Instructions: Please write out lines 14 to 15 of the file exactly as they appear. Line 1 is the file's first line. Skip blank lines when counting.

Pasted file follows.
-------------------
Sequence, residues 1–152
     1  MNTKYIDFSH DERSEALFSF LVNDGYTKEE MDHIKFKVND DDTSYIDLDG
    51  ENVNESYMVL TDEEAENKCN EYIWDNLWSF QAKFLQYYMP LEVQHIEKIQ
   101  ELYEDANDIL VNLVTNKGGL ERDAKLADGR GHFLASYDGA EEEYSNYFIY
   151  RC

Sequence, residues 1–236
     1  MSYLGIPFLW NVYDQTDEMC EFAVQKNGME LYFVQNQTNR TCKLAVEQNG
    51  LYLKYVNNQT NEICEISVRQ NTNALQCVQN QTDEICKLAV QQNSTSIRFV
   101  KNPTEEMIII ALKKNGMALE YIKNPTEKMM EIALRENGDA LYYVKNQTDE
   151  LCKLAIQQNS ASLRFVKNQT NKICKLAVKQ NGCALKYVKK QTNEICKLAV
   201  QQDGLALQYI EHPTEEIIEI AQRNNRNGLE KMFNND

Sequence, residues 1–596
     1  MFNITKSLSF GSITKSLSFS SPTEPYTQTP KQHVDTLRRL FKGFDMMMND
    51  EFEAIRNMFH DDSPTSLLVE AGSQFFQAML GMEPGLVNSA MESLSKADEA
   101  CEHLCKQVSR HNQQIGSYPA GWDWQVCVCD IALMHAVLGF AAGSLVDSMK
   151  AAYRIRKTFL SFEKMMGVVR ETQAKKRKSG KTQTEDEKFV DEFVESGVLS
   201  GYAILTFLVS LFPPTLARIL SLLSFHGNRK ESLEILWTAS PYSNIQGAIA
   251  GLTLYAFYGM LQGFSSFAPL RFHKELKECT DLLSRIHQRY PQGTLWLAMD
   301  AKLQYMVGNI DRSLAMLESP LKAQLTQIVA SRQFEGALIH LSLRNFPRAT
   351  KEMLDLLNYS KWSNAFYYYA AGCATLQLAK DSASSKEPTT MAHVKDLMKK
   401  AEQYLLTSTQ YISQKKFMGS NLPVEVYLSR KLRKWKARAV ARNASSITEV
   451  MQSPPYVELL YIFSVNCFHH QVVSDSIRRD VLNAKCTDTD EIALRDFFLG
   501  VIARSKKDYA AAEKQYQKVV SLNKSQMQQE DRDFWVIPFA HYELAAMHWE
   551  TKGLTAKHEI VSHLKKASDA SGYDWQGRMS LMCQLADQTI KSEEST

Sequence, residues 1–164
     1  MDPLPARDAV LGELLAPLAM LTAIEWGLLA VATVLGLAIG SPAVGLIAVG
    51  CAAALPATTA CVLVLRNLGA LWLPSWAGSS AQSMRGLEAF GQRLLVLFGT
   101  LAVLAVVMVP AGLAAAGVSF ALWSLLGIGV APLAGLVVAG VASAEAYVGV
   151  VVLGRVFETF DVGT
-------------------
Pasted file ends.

    51  EFEAIRNMFH DDSPTSLLVE AGSQFFQAML GMEPGLVNSA MESLSKADEA
   101  CEHLCKQVSR HNQQIGSYPA GWDWQVCVCD IALMHAVLGF AAGSLVDSMK